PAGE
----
"What's in a name? That which we call a rose by any other name would smell as sweet."
— William Shakespeare
Driving to work the other day I heard a couple of deejays mention songs with people's names in the title, but by the time I tuned in, I only heard them talk about two of the many recordings named specifically after a guy or gal that the artist is celebrating.
That affected me like dropping a handful of quarters into a cerebral jukebox as I thought about not only the two songs they mentioned, but also about the many other recordings containing names in the title.
I started wondering about other well-known songs titled with the name of a person.
The two deejays mentioned "Sherry," the great 1962 hit by The Four Seasons that spent five weeks at number one on the Billboard Hot 100. They also briefly talked about "Aime," the song originally recorded in 1972 that became a 1975 hit for the Pure Prairie League.
Any mention of "Sherry" by The Four Seasons reminds me of "Oh Sherrie," the 1984 hit from Steve Perry after the then-Journey frontman released his first solo album. Both "Sherry" and "Oh Sherrie" hold a special place in my heart.
Thinking of "Oh Sherrie" reminded me the 1980s provided a bumper crop of hits songs endowed with the names of females in the title, including "Rosanna," by Toto, "Rosanna" reached No. 2 on the charts in 1982 and won Record of the Year honors at the 1983 Grammy Awards.
Female names that started with the letter R did well around that time, with "Roxanne" by The Police hitting the charts in 1978.
Another song contained both a first and second name. I'm talking about "Billie Jean," the recoding by Michael Jackson that held the number 1 spot for nine straight weeks in 1983 and helped "Thriller" become one of the top-selling albums of all time. (In this age of re-releases, streams and downloads the top spot fluctuates. Since 2018 it's been held by the Eagles, with "Their Greatest Hits, 1971-1975.")
One of my favorites songs with a name in the title was another one released in the 1980s, although it sounded nothing like a typical record from the era — which is among the reasons I liked it so much.
There were no synthesizers, programmed drums or other syntho-tech instruments to be heard. It featured fiddles, a banjo, various horns and even what sounded like a scrub-board.
This group spurned the flashy clothes or other outfits adorned by some artists of the era, preferring overalls and other gear that made them resemble overgrown street urchins instead of 1980s pop stars.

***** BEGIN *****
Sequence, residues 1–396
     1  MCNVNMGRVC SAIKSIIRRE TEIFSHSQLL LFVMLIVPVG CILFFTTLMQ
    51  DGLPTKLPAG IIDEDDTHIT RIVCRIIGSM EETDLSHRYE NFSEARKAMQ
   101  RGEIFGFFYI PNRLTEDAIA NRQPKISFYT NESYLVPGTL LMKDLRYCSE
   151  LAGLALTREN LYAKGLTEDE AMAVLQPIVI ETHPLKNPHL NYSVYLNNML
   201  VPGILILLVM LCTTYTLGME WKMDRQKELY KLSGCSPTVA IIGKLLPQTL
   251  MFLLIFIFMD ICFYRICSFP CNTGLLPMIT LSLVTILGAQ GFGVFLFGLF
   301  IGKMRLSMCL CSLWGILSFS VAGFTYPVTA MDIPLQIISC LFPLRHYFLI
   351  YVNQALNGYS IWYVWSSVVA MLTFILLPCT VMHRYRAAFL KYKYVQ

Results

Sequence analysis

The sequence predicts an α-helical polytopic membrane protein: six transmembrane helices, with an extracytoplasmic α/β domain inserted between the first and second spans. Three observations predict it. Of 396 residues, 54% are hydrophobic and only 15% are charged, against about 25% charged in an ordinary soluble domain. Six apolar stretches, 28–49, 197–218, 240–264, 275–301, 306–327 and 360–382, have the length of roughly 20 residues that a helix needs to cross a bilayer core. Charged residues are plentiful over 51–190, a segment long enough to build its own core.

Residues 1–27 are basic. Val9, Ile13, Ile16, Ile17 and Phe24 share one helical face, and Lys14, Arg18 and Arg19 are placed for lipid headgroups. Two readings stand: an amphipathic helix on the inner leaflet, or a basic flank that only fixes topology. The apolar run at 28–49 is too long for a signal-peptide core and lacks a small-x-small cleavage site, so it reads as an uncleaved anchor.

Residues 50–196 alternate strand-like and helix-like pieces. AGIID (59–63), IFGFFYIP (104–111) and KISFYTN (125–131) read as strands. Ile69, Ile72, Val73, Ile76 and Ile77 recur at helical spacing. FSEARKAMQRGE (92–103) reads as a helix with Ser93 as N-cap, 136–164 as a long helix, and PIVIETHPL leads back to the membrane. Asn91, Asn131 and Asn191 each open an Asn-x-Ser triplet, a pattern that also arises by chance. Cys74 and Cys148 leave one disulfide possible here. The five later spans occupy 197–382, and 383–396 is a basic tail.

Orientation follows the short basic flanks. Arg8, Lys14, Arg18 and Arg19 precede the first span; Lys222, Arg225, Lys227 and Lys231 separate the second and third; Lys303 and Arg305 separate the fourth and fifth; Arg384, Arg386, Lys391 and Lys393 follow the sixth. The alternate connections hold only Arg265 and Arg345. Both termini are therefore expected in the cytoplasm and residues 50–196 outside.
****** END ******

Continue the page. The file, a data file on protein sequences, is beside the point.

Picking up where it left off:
I'm talking about by Dexys Midnight Runners, fronted by Kevin Rowlan, and their song "Come On Eileen." Featuring tempo and key changes, the song provided a welcome change to some of the mechanical-sounding recordings being issued at the time.
I had a hard time understanding the words to the first verse at the time, which I later learned referred to a well-known 1950s pop singer: "Poor old Johnnie Ray, sounded sad upon the radio, broke a million hearts in mono."
With so many songs with a name in the title, I thought of another that fit that criteria — and the recording also mentioned another name that would later be associated with pop culture.
The song: "Denise," a 1963 hit by Randy & the Rainbows, which would be one the last hits by an American vocal doo-wop group before that fabled band from Liverpool hit the shores of America in February 1964, and changed a lot of people's ideas about what constituted a vocal group in those changing times.
"Denise" climbed all the way into the top 10 of the Billboard Hot 100 charts and also made it to number 18 on Billboard's hot rhythm and blues songs chart. It wound up being the number 27 song of the year for 1963.
It even won a second release in 1978 in the UK by the American new wave band, Blondie, retitled "Denis" making it all the way to the number 2 slot on the British charts.
The other name referred to on the original recording of "Denise" is not a regular moniker, but a series of sounds similar to the name that would later be given to a certain great Dane when Hanna-Barbera launched a new animated series in 1969 about some mystery-solving teenagers and their large canine companion.
Check out the lyrics to Randy & the Rainbows 1963 hit: "Oh Denise, scooby-doo, I'n in love with you, Denise, scooby-doo, I'm in love with you."
I wish I could say those lyrics to "Denise" directly inspired the name of the titular character in the long-running TV series.
Credit goes to a another 1960s hit instead. When Frank Sinatra released "Strangers in the Night" in 1966, he improvised some- scat-like vocals near the song's end, singing "doo-be-doo-be doo," as the recording faded out.
CBS TV executive Fred Silverman had a new TV series in development at the time, but he didn't like the name given to the Great Dane who served as a companion to those pesky kids who solved a mystery during every show. The program's creators gave the show's canine-in-chief the name of Too Much — a name Silverman didn't like.
While on an overnight flight, Silverman heard Sinatra's recording of "Strangers in the Night" and as Sinatra began singing the "doo-be, doo-be-doo" part near the fadeout, inspiration struck and Silverman decided to adopt it as the name of the title character in his new series: "Scooby-Doo, Where Are You?"
As anyone who's spent much time around kids and TVs can attest, the "Scooby-Doo" animated series and its various spinoffs have at times seemed ubiquitous.
I'm just glad Silverman decided to change the name of the mystery-solving dog. The original one would have been ... too much!
Contact James Beaty at firstname.lastname@example.org.